Legislation & Lobbying

Uber pushes forward with new investments in bike-share company

Last month an MIT study revealed that Uber drivers tend to earn considerably less on average than the minimum wage. Though this was strongly contested by the company, it came just weeks before more damning news revealed that a self-driving Uber had killed a pedestrian in Arizona, swiftly resulting in the banning of self-driving cars and trucks in the state. It’s been whirlwind few months for the company, embroiled in a series of news stories that would perhaps suggest that it’s time to narrow focus in on streamlining the company compass, ensuring that corners aren’t cut on matters of safety and legalities. Instead it has just been announced today that Uber will be acquiring a major bike-share startup JUMP, in a bid to further expand its mobility services across the globe.

Founded by Ryan Rzepecki, JUMP is a startup that entered the scene in 2008 when it was originally named Social Bicycles. The ‘all lock, no dock’ advertising introduces the biking system as effortless and streamlined, allowing users to simply type in a code to access the bike before leaving it at their destination for other users. So far it has deployed over 15,000 bikes in forty markets mainly within the US and is just one of the few current companies focussing on this form of green transport sharing, with reports that so far as a company they have raised $11 million in investments.

According to news from TechCrunch this morning, Uber is believed to have invested up to $200 million into acquiring the company in the hope that the bike-share app can be extended to a large scale audience. JUMP is also just one of two bike sharing companies that are permitted to operate in San Francisco, with the sale demonstrating Uber’s attempts to further secure its position as the key contender in mobility across the world. Though Rzepecki noted that Uber has faced much scrutiny in the last year, he apparently revealed optimism about the company’s vision for the future.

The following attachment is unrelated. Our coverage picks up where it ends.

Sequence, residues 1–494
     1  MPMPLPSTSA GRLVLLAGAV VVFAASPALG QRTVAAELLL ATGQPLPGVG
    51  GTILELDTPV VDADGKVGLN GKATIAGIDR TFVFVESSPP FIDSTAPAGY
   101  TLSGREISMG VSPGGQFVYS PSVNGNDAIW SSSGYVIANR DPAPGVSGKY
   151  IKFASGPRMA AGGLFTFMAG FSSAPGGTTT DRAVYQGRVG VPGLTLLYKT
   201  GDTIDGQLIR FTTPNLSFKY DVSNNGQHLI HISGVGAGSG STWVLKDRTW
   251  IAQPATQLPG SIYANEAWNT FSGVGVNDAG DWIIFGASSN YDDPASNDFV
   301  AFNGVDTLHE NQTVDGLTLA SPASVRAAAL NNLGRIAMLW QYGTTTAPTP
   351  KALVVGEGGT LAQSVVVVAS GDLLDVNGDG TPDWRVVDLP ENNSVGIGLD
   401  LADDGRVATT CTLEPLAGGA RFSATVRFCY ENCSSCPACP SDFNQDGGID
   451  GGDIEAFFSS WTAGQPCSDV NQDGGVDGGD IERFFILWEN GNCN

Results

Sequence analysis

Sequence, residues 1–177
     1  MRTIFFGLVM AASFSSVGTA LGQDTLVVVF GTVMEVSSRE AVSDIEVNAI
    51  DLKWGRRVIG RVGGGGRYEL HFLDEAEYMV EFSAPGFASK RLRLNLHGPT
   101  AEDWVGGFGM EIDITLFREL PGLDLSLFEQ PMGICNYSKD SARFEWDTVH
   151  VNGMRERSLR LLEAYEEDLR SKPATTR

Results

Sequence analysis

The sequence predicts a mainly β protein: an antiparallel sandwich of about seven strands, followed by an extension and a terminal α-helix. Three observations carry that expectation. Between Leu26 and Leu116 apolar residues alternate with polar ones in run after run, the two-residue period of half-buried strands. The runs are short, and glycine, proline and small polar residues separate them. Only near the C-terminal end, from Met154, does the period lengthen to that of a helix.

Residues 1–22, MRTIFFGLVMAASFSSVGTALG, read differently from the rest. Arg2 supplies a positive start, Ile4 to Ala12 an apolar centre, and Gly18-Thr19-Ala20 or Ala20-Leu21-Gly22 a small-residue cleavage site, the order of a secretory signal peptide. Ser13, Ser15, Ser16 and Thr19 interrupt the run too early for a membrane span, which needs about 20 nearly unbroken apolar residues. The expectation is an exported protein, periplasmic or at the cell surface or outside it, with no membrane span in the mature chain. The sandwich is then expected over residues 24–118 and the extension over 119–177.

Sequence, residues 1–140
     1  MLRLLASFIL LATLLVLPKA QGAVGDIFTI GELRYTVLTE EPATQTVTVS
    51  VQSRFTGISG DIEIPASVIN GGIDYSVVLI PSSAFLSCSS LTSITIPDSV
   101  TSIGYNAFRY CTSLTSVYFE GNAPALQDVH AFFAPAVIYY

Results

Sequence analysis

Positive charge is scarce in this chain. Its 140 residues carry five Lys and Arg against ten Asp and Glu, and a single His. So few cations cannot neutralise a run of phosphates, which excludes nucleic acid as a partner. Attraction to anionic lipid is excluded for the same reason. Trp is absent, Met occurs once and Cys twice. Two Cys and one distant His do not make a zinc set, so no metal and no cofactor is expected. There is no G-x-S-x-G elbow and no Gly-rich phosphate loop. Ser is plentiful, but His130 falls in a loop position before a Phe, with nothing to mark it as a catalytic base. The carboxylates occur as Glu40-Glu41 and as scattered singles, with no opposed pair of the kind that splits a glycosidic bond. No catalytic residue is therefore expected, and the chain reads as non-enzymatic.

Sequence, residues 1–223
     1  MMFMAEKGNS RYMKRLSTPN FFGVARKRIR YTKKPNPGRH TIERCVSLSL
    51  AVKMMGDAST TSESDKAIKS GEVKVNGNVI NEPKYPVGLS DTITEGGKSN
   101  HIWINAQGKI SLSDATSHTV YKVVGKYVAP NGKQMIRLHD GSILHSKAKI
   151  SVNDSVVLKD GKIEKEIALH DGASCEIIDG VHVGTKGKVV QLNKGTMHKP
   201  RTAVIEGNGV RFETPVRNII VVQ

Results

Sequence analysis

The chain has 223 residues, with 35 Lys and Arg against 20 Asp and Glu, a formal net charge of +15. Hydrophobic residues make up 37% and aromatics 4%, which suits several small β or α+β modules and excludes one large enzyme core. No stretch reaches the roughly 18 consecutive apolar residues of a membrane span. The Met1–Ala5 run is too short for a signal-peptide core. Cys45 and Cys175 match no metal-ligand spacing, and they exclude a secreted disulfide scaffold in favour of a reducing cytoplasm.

Both India and China have seen companies stretch to bike access as an alternative in heavily congested cities and the future points to more companies encompassing a similar idea as messages of greener-travel are pushed further and further into the spotlight.

At the same time, Uber’s desire to take over quite possibly every mobility market available, also comes amidst calls from Elaine Herzberg’s friends, the victim of the Uber fatal collision, to shut down Uber completely. Aside from Arizona’s ban on self-driving Ubers, it is unclear as to what the outcome of last month’s accident will really entail following investigations, especially who – if anyone – was to blame for the tragedy. What did re-emerge from the depths however is a series of other misdemeanours that are tied to Uber’s seemingly dark past and it’s handling of social and legal battles. Though a promising concept, Uber’s colourful past should have been a thought that would make anyone think twice about handing over their companies at this point.

We are left wondering if this is really a step towards Uber cleaning up their act. Whilst they push forward with bicycle innovations, one can only hope they don’t forget about all their other endeavours or more importantly place the safety of any of them on the backburner.

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